hat ein neues Modell wie das Fediverse in Zukunft funktionieren könnte entworfen.https://codeberg.org/Vocata/vocata
Clients und Server werden (so wie wir heute z.B. Emails nutzen) in zwei verschiedenen Applikationen aufgeteilt.
Ein Server übernimmt das Speichern und Transportieren und ein davon unabhängig Client übernimmt das Darstellen und Präsentieren des Contents.
Mit einer Identität (die nach meinem Verständnis an den "Vocata" Server gebunden ist ?? ) könnte man also allen möglichen Content mit verschiedenen Clients darstellen - mit einer Identität ohne weiteres Login also gleichzeitig das was Masto, Pixelfed oder Funkwhale kann im Netzwerk mit verschiedenen Clients erledigen. Das wäre super und würde ein "Konstruktionsfehler" des Fedi lösen.
Bleibt das Problem dass dabei eine Identität an EINEN Server gebunden ist
Wie käme ich von einem Vocata Server zu einem anderen?
Vocata – Vocabulary-Agnostic Transport Agenthttps://codeberg.org/Vocata/vocata
About Vocata and the Fediverse
Vocata is a vocabulary-agnostic ActivityPub server. That means that, in contrast to other server software on the Fediverse, Vocata does not limit what types of content can be handled by it, and how it is presented to users.
As a transport agent, Vocata merely stores and forwards content, and leaves any presentational decisions to a client.
The principle of a transport agent is not new:
In e-mail, an MTA (Mail transport Agent) is responsible for storing and forwarding e-mail, and users use a MUA (Mail User Agent, colloquially: an e-mail program, or webmail) to send and receive mailIn Matrix, a homeserver is responsible for handling the rooms and events of users, and users use any Matrix client to log in to their homeserver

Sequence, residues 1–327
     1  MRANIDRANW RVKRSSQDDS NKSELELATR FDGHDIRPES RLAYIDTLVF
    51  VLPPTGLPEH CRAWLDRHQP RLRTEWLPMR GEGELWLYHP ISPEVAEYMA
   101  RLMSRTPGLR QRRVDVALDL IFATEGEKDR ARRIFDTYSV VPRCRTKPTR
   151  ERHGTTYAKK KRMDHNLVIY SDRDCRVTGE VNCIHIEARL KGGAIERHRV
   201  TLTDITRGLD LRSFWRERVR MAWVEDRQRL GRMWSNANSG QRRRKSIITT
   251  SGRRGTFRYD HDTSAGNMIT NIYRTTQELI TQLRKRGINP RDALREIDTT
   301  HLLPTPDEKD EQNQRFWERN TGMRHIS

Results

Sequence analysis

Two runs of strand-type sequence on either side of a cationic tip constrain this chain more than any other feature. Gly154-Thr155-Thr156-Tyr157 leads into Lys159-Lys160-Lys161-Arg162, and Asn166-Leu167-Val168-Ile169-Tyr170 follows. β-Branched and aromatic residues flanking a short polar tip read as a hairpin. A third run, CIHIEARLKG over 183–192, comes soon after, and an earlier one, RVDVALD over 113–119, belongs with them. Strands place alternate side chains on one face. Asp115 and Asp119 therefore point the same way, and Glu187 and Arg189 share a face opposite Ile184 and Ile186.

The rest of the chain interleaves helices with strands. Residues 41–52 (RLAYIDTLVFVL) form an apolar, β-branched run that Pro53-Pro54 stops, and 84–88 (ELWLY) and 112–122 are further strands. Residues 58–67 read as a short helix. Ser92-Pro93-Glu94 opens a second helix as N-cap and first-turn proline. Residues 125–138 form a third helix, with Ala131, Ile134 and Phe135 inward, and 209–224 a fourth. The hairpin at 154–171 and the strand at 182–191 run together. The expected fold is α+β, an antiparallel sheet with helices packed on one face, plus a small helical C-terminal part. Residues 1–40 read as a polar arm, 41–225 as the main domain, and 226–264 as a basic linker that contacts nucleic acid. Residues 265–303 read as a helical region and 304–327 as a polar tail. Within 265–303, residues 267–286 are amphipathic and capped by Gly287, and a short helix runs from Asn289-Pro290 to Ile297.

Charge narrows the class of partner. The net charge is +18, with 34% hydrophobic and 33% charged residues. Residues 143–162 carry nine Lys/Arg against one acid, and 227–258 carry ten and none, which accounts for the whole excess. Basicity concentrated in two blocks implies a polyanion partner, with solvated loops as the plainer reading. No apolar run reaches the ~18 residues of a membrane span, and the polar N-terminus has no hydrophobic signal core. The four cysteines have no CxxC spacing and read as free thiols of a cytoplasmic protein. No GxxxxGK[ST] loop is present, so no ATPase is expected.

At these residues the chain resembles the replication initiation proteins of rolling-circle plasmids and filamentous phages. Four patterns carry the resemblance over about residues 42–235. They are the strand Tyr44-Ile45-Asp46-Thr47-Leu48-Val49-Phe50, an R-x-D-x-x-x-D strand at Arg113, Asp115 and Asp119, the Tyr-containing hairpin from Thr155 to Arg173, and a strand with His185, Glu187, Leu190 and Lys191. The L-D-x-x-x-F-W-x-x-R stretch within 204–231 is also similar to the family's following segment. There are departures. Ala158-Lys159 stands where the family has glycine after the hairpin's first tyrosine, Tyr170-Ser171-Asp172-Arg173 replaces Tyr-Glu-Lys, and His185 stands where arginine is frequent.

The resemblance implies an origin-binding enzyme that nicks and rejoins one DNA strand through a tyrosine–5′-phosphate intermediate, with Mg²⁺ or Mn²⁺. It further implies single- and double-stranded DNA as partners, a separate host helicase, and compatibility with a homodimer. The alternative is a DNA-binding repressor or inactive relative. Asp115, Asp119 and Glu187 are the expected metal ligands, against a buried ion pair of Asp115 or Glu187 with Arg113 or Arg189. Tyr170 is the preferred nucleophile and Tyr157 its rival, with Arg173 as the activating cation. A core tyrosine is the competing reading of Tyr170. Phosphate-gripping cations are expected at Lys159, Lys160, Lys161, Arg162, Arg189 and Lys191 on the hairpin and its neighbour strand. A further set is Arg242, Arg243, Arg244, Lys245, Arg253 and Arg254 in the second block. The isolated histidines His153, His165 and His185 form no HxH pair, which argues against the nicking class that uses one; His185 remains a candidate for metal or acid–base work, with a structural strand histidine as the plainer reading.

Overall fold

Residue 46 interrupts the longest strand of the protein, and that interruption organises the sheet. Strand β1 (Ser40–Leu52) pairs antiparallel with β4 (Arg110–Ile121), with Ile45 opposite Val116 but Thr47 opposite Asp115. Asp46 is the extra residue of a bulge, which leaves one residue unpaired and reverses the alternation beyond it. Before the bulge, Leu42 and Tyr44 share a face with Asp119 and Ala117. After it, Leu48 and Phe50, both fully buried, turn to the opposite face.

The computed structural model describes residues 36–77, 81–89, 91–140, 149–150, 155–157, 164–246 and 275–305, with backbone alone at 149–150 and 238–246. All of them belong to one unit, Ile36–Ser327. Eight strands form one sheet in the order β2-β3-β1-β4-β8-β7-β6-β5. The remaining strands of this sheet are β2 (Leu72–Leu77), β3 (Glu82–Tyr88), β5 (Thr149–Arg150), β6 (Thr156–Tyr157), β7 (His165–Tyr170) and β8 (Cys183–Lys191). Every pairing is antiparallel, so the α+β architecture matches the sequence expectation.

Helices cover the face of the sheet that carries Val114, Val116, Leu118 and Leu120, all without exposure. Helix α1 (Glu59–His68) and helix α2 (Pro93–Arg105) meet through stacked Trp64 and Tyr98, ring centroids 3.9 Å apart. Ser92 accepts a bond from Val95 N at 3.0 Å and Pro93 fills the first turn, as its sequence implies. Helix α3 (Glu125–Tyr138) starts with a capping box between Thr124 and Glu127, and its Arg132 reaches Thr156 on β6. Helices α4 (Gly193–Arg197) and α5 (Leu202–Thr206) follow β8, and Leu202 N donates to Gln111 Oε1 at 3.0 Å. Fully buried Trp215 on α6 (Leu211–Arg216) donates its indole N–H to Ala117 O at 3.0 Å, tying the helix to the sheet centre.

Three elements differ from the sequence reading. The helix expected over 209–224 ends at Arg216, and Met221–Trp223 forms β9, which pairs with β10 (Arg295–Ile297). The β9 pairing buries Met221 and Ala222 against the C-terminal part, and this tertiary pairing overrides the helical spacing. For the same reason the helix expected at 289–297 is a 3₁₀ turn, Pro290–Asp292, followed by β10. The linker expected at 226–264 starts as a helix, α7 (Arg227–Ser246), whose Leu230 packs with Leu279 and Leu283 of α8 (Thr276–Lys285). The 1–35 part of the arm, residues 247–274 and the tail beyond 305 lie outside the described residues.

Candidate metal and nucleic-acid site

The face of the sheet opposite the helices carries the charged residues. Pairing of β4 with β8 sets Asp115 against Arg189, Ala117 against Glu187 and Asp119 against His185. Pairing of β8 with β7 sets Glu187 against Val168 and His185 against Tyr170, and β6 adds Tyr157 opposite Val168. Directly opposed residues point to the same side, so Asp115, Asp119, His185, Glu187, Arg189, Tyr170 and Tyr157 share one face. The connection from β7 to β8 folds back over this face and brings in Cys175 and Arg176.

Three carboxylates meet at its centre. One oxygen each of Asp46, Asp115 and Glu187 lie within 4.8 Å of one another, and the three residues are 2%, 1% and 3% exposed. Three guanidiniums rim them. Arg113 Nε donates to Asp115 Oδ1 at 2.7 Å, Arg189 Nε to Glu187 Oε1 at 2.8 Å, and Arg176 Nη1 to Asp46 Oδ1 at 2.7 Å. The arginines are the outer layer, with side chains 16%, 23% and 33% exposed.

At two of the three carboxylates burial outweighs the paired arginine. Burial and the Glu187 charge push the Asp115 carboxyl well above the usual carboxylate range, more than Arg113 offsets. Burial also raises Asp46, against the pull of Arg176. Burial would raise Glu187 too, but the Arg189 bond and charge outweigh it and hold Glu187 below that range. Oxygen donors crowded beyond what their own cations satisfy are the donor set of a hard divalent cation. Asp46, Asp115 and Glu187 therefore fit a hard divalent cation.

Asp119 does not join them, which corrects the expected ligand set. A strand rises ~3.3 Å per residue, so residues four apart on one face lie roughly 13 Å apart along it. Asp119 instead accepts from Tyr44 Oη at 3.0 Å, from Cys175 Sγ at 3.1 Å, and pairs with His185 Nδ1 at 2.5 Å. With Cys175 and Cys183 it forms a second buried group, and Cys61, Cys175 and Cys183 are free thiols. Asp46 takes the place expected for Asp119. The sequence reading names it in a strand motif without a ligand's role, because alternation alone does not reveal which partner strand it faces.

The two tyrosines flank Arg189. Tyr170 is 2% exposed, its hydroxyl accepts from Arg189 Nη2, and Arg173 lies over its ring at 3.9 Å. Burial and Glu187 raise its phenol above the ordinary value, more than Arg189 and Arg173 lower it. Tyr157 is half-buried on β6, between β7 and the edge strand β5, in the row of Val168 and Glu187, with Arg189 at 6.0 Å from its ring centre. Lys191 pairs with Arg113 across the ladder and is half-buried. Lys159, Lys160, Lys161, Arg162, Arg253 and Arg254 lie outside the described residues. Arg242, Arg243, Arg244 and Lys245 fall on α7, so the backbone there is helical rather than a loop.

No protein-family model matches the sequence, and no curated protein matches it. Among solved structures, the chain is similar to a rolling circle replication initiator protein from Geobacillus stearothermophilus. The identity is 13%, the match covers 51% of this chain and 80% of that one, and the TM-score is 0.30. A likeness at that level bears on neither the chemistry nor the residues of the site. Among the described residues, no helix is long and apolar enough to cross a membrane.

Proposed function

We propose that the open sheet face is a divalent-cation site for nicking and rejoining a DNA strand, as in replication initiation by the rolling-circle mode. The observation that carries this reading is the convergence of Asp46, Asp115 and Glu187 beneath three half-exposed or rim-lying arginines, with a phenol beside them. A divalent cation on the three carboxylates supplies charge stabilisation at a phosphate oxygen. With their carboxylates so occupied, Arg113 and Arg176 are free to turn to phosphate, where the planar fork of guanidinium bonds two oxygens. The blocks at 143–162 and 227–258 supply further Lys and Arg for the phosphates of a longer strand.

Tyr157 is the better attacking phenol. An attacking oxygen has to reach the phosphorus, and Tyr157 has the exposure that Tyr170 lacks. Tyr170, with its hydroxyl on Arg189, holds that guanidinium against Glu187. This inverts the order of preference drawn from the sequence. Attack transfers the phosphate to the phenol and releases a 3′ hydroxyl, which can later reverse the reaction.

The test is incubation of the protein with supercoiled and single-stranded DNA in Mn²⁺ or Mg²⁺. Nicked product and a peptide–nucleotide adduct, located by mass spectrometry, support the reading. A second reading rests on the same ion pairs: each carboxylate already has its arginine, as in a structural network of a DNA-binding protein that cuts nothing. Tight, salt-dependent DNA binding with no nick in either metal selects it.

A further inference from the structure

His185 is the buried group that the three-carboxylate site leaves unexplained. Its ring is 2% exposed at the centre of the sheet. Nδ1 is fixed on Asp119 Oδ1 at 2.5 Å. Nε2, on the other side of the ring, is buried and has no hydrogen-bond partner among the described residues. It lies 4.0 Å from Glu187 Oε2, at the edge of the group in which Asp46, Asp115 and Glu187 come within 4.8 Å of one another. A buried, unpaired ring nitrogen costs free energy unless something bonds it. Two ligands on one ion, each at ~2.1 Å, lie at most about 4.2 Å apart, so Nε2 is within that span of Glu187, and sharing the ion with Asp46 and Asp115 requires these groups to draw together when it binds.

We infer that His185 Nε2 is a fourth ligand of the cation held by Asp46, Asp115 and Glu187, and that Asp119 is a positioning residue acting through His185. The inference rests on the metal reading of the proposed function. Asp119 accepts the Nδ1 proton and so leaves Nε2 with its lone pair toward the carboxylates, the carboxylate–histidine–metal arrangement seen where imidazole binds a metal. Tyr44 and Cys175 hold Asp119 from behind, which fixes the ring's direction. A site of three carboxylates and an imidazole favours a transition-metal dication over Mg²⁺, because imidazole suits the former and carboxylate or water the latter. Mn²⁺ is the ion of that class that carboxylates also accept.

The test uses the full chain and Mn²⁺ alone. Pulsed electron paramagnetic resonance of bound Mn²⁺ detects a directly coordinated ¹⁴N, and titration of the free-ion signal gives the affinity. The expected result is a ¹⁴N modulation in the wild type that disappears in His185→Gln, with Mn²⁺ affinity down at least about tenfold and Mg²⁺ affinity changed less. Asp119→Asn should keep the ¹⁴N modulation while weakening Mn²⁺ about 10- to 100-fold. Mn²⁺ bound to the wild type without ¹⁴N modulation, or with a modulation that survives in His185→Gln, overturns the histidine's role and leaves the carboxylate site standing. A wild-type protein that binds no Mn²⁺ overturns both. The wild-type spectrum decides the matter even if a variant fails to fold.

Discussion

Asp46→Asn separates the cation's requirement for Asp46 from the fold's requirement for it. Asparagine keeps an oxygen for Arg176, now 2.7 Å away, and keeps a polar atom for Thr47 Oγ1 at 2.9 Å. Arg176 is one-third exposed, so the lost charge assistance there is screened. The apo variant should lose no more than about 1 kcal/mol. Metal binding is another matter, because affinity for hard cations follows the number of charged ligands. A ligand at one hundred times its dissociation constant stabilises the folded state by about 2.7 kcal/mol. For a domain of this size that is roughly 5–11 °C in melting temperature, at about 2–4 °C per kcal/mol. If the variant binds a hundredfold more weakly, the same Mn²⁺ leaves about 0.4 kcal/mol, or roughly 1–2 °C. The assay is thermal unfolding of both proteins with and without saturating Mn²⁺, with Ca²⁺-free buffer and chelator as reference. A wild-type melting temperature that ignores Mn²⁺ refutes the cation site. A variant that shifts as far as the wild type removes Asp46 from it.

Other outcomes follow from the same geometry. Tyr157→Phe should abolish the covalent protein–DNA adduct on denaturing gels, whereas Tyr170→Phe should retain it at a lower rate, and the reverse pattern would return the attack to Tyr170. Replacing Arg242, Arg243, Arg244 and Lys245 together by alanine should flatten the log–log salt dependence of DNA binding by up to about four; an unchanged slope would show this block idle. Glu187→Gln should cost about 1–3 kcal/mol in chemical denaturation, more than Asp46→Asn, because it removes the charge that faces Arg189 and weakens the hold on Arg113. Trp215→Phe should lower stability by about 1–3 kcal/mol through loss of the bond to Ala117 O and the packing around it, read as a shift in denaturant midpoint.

Benefits of separating client and server
The Fediverse, at the time of writing, is build on platforms that blend the ActivityPub protocol with an opinionated presentational layer:
Mastodon offers a micro-blogging platformPixelfed offers a photo community platformPeerTube offers a video hosting and streaming platform…and many more…
All these platforms are, to some extent, interoperable, because they all rely on the ActivityPub protocol. However, they all have a baked-in concept, dictating how content is presented to users, and this unification implies some limitations:
An identity on the Fediverse is inextricably linked with the platform. Identities (e.g. accounts) cannot be ported between platforms. So, if a user wants a microblog-style presentation and a gallery-style presentation, they are forced to use two identities.Client-server interoperability is very limited, because each platform implements its own client-server protocol, considering the presentational concept of the platform
By shifting the Fediverse towards a separation between servers and clients, or transport agents and user agents in e-mail terms, it can overcome these limitations.
Conclusion: What is Vocata?
Vocata implements an ActivityPub server, and nothing more. It offers an interface for clients to send and receive content to and from the Fediverse with an identity, and handles federation with other servers on behalf of users.